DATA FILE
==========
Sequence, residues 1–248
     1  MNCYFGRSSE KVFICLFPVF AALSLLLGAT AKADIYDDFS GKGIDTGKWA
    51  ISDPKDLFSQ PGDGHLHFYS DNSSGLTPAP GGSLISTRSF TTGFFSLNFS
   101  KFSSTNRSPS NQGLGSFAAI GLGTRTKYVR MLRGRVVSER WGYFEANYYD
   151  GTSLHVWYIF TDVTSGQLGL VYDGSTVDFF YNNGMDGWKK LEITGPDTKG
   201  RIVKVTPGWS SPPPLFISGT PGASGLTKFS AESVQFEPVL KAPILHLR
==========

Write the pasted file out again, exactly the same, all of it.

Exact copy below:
Sequence, residues 1–248
     1  MNCYFGRSSE KVFICLFPVF AALSLLLGAT AKADIYDDFS GKGIDTGKWA
    51  ISDPKDLFSQ PGDGHLHFYS DNSSGLTPAP GGSLISTRSF TTGFFSLNFS
   101  KFSSTNRSPS NQGLGSFAAI GLGTRTKYVR MLRGRVVSER WGYFEANYYD
   151  GTSLHVWYIF TDVTSGQLGL VYDGSTVDFF YNNGMDGWKK LEITGPDTKG
   201  RIVKVTPGWS SPPPLFISGT PGASGLTKFS AESVQFEPVL KAPILHLR